Environmental Controversies, Interactional Resources, and Rural Communities: Siting Versus Exposure Disputes

Stephen R. Couch, Steve Kroll‐Smith

Research output: Contribution to journalArticlepeer-review

74 Scopus citations


Abstract Differences in the types of social conflict occuring in facility siting disputes and toxic contamination cases are compared. An ecological‐symbolic perspective and the concept of strong and weak ties are used to interpret the nature of social conflict in two rural Pennsylvania communities and in cases in the literature. Overall, community solidarity appears likely to be enhanced in siting disputes and undermined in exposure situations. To explain this, two conflict paths are developed that move from the presence or absence of the hazard agent to individual perceptions, the generation of collective threat beliefs and the formation of strong ties, the emergence of alternative leadership and its relationship to official authorities, and finally the formation of weak ties. In each case, the type of community conflict results from the nature of the perceived environmental threat and the social process that threat sets in motion. Practical implications for rural community development are discussed. 1994 Rural Sociological Society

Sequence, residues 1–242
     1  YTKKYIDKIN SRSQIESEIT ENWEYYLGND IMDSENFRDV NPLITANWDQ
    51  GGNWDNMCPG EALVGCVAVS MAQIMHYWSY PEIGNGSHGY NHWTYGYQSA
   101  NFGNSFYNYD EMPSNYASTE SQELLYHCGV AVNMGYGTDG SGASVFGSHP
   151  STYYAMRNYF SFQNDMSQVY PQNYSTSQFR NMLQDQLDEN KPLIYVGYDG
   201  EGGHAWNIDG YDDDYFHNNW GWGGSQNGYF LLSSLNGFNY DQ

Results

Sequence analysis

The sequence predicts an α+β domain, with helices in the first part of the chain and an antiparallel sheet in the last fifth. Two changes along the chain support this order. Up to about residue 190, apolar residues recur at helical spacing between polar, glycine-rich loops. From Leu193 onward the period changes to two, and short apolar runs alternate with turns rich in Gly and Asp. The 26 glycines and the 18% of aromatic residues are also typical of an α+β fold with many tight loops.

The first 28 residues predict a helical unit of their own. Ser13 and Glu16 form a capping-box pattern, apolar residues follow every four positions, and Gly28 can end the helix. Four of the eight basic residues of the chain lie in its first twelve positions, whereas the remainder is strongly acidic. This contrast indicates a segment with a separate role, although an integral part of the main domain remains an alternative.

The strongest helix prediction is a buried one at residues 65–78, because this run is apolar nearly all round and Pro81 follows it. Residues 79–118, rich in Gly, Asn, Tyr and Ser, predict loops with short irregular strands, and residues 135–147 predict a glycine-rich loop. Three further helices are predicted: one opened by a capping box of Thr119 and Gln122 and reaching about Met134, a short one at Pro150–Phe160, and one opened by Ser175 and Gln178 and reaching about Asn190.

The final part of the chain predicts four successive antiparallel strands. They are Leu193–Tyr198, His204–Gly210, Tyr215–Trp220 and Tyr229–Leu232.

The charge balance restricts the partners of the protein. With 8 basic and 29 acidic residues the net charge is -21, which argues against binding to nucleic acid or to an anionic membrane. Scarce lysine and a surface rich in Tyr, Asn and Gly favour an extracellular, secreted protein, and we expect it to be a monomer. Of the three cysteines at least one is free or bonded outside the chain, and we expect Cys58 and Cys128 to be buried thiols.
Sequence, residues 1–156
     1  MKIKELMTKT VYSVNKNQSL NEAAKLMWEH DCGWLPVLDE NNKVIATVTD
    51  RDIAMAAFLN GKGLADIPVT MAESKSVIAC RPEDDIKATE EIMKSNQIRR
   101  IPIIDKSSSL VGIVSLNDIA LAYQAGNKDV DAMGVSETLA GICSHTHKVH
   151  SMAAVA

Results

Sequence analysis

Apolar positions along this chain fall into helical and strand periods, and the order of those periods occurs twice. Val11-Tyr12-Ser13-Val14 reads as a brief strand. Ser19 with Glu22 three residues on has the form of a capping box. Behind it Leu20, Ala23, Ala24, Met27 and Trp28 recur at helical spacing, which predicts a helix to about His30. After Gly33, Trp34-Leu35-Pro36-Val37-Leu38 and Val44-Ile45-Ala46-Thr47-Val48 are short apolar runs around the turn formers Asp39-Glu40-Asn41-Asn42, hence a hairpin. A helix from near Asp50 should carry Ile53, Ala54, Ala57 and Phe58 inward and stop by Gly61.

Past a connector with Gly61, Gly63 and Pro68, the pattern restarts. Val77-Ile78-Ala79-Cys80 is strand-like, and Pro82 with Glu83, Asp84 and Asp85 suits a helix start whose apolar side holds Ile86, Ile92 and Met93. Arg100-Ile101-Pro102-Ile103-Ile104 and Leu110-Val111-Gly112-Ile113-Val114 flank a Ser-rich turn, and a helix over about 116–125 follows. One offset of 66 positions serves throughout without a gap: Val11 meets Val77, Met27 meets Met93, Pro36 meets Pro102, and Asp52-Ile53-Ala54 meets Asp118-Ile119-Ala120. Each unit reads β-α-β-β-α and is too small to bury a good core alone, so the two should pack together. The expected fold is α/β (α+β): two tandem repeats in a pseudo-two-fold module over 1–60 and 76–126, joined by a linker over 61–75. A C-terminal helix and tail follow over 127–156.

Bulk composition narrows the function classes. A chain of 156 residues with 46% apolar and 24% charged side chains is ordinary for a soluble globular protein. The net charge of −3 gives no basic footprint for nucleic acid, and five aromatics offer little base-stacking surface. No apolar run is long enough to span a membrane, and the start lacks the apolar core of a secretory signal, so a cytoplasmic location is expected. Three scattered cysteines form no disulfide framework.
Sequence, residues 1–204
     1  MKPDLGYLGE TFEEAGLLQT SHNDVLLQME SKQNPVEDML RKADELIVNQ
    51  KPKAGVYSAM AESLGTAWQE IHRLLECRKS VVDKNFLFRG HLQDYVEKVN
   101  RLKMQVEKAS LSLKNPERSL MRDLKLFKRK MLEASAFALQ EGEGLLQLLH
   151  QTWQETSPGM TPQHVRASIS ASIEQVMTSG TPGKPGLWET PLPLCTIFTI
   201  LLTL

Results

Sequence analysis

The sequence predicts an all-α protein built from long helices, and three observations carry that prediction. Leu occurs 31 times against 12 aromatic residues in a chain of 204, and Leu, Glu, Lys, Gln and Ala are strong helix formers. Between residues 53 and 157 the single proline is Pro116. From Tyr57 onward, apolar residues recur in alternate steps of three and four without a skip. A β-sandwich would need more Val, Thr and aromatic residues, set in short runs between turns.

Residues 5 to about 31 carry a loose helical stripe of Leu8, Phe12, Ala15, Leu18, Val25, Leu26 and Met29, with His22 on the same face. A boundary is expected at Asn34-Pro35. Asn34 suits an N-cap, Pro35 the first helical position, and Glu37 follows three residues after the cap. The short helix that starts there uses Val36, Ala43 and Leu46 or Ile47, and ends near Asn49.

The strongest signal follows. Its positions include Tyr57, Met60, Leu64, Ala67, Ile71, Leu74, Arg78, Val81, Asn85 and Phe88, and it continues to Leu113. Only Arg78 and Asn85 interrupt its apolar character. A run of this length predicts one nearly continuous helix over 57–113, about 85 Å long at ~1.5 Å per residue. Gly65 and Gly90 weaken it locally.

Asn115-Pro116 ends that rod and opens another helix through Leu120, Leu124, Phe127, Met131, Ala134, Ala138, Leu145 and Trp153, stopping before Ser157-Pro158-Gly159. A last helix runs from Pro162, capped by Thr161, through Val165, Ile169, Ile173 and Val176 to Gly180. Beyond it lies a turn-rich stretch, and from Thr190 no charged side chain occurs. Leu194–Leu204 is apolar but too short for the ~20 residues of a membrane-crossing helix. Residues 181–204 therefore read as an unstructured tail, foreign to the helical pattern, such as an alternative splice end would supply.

Original languageEnglish (US)
Pages (from-to)25-44
Number of pages20
JournalRural Sociology
Issue number1
StatePublished - Mar 1994

All Science Journal Classification (ASJC) codes

  • Sociology and Political Science


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